Last week I entered a short exchange with a pregnant woman about circumcision. I thought it might go well enough, although I’m well aware that when people get it in their head that genital cutting is reasonable, there is little anyone can do to restore sanity. The need to dig in and not confront truth seems quite powerful.
One particular phrase jumped out at me in her entry:
…oh, the terror that awaits him. I hope I don’t have to take Alec in to get his circ done…
If it’s a terror, and you don’t want to do it, don’t do it. Maybe there was some connection to reality in there. So I commented, asking why she would go through with it if she knows it’s a terror and clearly doesn’t want to do it. Simple enough, I thought. Her response?
That was a little more like a “kidding around” type of thing. I don’t think it’s a horror. If it was a serious problem, they wouldn’t circumcise babies. 🙂
It gets worse from there, which you can’t validate for yourself because she deleted the first two comments and my response. It was long, but I addressed each of her wishful thoughts with facts. Clearly she didn’t like being challenged, so she deleted the “debate”, presumably to believe it never happened. Like I said, the need to dig in and not confront truth seems quite powerful.
I won’t bore you with the details of my second comment for I’d have to excerpt everything in her comment for it to make sense. But I opened with this:
If it was a serious problem, they wouldn’t circumcise babies.
That’s not true. Just because something is easy does not mean it’s right or in the boy’s best interest. Doctors regularly removed tonsils, but now it’s clear that tonsils fight infection. It’s not a routine procedure now. Doctors wait until disease that can’t be treated with less invasive measures. Explore history and you’ll find examples of medical practices that are now known to be wrong. Our medicine is the most advanced in human history, but that doesn’t mean we know everything and won’t know more in the future. We will rediscover the foreskin’s value. Other developed countries have abandoned infant circumcision to no ill effect.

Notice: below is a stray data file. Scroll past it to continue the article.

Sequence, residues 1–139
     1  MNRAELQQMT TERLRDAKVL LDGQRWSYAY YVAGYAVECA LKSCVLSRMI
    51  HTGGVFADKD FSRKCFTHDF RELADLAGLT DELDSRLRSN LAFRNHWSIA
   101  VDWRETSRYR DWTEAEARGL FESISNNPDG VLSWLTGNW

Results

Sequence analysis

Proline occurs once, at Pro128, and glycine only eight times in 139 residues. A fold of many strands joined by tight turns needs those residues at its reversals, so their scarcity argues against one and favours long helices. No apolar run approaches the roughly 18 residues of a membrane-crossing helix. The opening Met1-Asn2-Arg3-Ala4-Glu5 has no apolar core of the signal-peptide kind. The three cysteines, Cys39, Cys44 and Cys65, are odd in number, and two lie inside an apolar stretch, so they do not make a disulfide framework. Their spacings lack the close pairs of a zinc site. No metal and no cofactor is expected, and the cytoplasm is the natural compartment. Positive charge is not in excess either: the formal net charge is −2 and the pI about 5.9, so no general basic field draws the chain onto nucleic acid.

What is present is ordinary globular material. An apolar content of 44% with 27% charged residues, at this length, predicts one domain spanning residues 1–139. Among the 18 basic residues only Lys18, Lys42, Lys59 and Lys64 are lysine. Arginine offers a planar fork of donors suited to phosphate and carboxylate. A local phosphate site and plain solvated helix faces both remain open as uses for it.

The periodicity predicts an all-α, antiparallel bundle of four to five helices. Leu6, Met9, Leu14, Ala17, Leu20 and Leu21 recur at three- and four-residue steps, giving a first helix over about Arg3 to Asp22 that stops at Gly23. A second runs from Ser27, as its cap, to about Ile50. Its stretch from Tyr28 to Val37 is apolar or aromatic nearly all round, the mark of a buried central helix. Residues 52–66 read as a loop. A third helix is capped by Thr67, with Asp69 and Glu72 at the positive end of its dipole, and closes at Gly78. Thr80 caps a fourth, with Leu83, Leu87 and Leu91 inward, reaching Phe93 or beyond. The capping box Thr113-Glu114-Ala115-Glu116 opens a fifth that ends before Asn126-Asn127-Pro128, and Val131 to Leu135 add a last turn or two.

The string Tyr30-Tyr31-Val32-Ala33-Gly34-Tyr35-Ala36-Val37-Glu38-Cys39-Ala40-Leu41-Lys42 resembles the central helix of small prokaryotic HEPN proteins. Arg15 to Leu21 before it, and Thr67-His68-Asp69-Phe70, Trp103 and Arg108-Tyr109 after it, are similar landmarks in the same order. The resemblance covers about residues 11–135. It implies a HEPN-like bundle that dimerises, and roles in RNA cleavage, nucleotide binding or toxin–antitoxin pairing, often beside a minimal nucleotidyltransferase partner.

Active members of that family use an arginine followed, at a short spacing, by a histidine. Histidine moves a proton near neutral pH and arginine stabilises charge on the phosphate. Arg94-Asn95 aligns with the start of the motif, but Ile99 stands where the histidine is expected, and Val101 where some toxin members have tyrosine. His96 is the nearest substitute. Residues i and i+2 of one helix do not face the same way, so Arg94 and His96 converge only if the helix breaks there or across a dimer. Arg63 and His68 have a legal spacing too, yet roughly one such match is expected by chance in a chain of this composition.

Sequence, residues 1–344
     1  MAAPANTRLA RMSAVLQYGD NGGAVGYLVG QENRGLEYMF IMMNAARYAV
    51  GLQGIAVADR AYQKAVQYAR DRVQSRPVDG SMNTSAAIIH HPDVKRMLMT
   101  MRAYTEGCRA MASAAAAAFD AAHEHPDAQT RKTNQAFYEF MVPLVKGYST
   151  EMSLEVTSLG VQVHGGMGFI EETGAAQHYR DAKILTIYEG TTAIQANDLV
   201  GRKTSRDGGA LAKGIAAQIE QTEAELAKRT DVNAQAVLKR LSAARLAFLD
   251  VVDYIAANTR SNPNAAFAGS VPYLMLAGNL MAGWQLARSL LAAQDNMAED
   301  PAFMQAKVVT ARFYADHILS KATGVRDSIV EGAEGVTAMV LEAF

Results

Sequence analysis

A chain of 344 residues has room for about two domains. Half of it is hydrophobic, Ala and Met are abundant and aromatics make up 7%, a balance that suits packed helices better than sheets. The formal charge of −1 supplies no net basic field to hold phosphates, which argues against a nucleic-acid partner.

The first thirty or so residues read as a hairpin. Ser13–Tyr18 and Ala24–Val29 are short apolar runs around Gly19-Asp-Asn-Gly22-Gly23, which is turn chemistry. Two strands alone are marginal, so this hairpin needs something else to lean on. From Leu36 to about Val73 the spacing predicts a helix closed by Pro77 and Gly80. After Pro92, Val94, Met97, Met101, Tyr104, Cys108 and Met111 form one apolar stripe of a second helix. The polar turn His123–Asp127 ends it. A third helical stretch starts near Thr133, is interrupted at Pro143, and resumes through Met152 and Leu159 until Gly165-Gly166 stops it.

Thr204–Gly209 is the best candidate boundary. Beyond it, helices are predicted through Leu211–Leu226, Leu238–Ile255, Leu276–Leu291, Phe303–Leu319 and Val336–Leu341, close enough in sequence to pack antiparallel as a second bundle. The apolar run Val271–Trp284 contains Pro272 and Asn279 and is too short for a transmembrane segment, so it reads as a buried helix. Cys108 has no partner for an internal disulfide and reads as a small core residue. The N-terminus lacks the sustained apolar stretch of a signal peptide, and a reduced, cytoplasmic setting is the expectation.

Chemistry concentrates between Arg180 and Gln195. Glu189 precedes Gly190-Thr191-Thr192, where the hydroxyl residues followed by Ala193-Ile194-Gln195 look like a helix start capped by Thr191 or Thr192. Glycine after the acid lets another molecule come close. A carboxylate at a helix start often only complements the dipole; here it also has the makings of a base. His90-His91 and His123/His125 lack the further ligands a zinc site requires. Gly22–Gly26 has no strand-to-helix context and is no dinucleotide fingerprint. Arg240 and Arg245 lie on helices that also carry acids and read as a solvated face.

Everyone who has even thought about exercising has heard the warnings about lactic acid. It builds up in your muscles. It is what makes your muscles burn. Its buildup is what makes your muscles tire and give out.
Coaches and personal trainers tell athletes and exercisers that they have to learn to work out at just below their “lactic threshold,” that point of diminishing returns when lactic acid starts to accumulate. Some athletes even have blood tests to find their personal lactic thresholds.
But that, it turns out, is all wrong. Lactic acid is actually a fuel, not a caustic waste product. Muscles make it deliberately, producing it from glucose, and they burn it to obtain energy. The reason trained athletes can perform so hard and so long is because their intense training causes their muscles to adapt so they more readily and efficiently absorb lactic acid.
How many more examples do we need from history? When we look back in the future at the madness that is forced circumcision, how will we view it? We’ve shown too much willingness to dig in despite facts for me to believe we’ll be harsh on ourselves. But history will not be kind.
Science changes, but even beyond the basic evidence-based facts, however flawed the methodology that generated them, common sense must prevail. That’s where the general idea “first, do no harm” originates. It’s one thing to believe the opposite about lactic acid. With infant circumcision a doctor willfully removes healthy tissue from a child for potential benefit, if the parents even care about the potential benefits. Too often the justification is purely social. Read many of the comments at Suburban Turmoil if you question how nonsensical some parents get when deciding to have someone cut their
children sons. I will never understand why parents value the possible opinion of another, future person over the normal, intact penis of their son.
Of interest, from the article on lactic acid, I doubt I’d phrase my indictment this nicely, but the basic idea is applicable to circumcision.
“It’s one of the classic mistakes in the history of science,” Dr. [George A.] Brooks said.
That’s just a theory with limited permanent impact. What would we call medically unnecessary genital surgery on non-consenting individuals? Parental choice? Classic, indeed. And insane.